circuits that govern how we behave in social situations. What we show
here is one brain ‘switch’ we can affect.”
never tell someone “life just isn’t fair”. this teaches them life will never be fair, and they should give up trying to make it so. people need to be inspired to fight for justice and equality and intrinsically fairness.
The asymmetries of the classroom are intense. With each teacher responsible for a hundred students or more, the typical kid occupies a teacher’s thoughts for—at best—a minute or two per day. But each student only has a handful of teachers. Every instructor looms large in her world, wielding power over her days, via class periods; her nights, via homework; and her future, via grades. She spends much of her time thinking about the teacher’s demands, the teacher’s expectations, the teacher’s preferences and inconsistencies.
So when a teacher briefly focuses attention on a particular student, it comes with the heat and intensity of a spotlight. A moment the teacher barely remembers might stick with the student for years.
“If you have always believed that everyone should play by the same rules and be judged by the same standards, that would have gotten you labeled a radical 60 years ago, a liberal 30 years ago and a racist today.”
It seems simple: People are more likely to cooperate if everyone plays fair. But a new study suggests that fairness itself arises from an unlikely source: spite. Researchers made a mathematical model based on the so-called ultimatum game. In it, two players are offered a reward, and the first player makes an offer for how it should be split up. If the second player agrees, then they divide it accordingly. But if the second player refuses, then neither gets the reward. As shown in the image above, depending on the interaction of the players, the outcome can be classified as altruism, cooperation, selfishness, or spite. Previous experiments have shown that, over multiple rounds of the game, a culture of cooperation evolves where everyone makes fair offers. But the new study, published online today in the Proceedings of the Royal Society B, finds that when players start out using multiple different strategies, by making fair or unfair offers, and rejecting or accepting unfair offers, some will act out of spite. These spiteful players deny the first player the reward at a cost to himself. The calculations further show that the antisocial behavior will eventually cause fairness to become the most successful option, because there is no reason to reject a fair offer. In essence, fairness evolves in spite of spite, when players start out using different strategies. Though they warn against generalizing to humans, the researchers point out that if fairness is the basis for a moral society, then paradoxically, spite may have played a role in the evolution of morality.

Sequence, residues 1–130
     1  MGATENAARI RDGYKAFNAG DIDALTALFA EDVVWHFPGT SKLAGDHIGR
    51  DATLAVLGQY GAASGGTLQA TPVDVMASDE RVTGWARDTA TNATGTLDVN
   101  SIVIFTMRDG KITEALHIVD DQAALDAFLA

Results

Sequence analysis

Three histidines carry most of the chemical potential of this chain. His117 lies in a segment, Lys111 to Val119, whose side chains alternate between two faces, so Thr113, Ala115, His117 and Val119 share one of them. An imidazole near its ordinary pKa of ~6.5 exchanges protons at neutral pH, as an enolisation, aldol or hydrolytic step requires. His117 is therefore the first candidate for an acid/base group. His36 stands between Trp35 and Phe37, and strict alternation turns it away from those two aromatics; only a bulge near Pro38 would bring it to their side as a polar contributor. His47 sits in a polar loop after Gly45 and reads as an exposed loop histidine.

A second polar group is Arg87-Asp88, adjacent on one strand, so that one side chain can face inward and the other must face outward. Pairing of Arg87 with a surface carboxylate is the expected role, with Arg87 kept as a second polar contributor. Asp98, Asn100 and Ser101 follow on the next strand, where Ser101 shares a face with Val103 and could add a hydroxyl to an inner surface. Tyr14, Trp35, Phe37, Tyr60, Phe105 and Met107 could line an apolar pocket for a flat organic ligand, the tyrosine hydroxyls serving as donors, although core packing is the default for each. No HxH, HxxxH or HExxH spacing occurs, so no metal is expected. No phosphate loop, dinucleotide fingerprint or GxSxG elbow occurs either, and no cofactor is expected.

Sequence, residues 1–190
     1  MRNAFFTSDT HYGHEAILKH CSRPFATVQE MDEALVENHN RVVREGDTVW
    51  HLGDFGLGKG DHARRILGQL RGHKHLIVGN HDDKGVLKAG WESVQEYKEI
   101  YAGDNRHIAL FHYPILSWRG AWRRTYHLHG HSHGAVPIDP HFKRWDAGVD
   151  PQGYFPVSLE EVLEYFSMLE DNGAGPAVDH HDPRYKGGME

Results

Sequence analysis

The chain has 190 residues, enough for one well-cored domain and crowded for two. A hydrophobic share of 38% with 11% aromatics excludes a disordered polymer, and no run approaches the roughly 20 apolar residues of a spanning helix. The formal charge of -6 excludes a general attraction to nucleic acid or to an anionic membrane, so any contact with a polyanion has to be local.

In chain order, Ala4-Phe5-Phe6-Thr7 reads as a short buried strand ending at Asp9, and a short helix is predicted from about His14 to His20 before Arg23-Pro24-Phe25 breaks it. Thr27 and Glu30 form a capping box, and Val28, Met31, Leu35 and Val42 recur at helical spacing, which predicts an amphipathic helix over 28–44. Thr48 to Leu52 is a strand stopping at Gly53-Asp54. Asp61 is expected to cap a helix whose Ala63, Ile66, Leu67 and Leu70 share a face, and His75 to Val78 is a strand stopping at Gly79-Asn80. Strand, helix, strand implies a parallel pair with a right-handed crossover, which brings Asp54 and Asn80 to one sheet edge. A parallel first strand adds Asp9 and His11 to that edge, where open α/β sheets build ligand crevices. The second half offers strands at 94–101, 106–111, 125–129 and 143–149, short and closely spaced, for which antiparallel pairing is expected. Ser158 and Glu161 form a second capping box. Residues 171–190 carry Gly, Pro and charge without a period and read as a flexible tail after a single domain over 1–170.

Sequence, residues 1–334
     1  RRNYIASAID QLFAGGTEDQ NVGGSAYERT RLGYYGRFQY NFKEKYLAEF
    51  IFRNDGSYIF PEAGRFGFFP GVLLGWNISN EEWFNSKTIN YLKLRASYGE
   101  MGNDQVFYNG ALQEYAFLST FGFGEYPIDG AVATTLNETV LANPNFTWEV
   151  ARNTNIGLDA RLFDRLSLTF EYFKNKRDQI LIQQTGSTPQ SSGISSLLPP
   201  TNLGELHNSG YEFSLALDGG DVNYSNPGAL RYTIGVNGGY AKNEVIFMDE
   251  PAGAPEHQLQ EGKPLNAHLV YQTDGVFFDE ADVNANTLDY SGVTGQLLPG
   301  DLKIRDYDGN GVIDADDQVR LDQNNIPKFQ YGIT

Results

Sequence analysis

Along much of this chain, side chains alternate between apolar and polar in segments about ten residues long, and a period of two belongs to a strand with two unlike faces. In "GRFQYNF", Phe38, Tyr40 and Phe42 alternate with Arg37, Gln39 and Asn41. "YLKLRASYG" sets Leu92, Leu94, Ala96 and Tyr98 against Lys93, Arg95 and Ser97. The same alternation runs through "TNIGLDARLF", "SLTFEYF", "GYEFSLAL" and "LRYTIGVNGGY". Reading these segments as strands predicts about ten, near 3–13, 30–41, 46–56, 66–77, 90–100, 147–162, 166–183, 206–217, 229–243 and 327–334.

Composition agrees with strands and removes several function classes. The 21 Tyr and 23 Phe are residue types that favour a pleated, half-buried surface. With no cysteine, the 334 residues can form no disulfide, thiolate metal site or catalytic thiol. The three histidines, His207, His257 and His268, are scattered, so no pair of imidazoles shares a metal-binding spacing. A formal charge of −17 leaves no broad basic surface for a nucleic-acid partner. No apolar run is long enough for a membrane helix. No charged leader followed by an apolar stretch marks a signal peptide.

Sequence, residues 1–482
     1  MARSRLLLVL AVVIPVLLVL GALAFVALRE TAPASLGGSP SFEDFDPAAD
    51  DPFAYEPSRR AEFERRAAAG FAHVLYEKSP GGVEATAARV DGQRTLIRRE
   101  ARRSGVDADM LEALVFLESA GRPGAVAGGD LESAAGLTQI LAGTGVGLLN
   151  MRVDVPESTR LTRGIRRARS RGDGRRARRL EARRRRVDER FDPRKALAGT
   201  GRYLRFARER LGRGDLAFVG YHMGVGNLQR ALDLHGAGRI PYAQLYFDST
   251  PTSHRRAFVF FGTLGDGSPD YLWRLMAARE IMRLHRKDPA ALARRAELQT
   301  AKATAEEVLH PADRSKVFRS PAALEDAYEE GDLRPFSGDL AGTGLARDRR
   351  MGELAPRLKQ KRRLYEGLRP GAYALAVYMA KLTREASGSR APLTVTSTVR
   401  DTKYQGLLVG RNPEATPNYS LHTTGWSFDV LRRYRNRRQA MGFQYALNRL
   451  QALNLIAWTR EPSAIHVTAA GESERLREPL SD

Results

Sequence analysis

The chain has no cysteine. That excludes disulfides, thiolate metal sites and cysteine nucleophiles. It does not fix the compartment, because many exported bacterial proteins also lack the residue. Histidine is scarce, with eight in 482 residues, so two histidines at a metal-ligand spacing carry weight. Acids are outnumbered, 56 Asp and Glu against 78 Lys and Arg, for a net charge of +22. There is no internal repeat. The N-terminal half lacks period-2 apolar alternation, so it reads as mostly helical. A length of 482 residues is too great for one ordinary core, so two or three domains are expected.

In a truly fair society there will still be winners and losers, poor and rich, the lazy and the workaholic.
There will be those who are better prepared for a career because of unique education or family opportunities.
There will be those who choose to live thrifty and those who spend more than they make.
There will be those who are stronger, faster, smarter than you.
Those who are weaker, slower and dumber than you.
There will be those who are sought after by corporations, small businesses, organizations, and non-profits for their people skills, expertise, life experience, customer service, passion for quality, trustworthiness and virtue.
And there will be those who believe that they are entitled to a job and a paycheck regardless of what sort of value they provide for their employer and society as a whole.
No one is entitled to opportunities, education or employment.
All of those things are earned and purchased, and we all have different amounts of money, time, energy, skills, talents, strengths, knowledge, expertise and experiences with which to buy them.
Fairness is the freedom to choose who we hire, how much we pay them and how long they work for us.
Fairness is the freedom to choose who you work for, how much pay you’ll agree to, and how long you work for someone.
Don’t trade away fairness and freedom for the pipe dream of equality.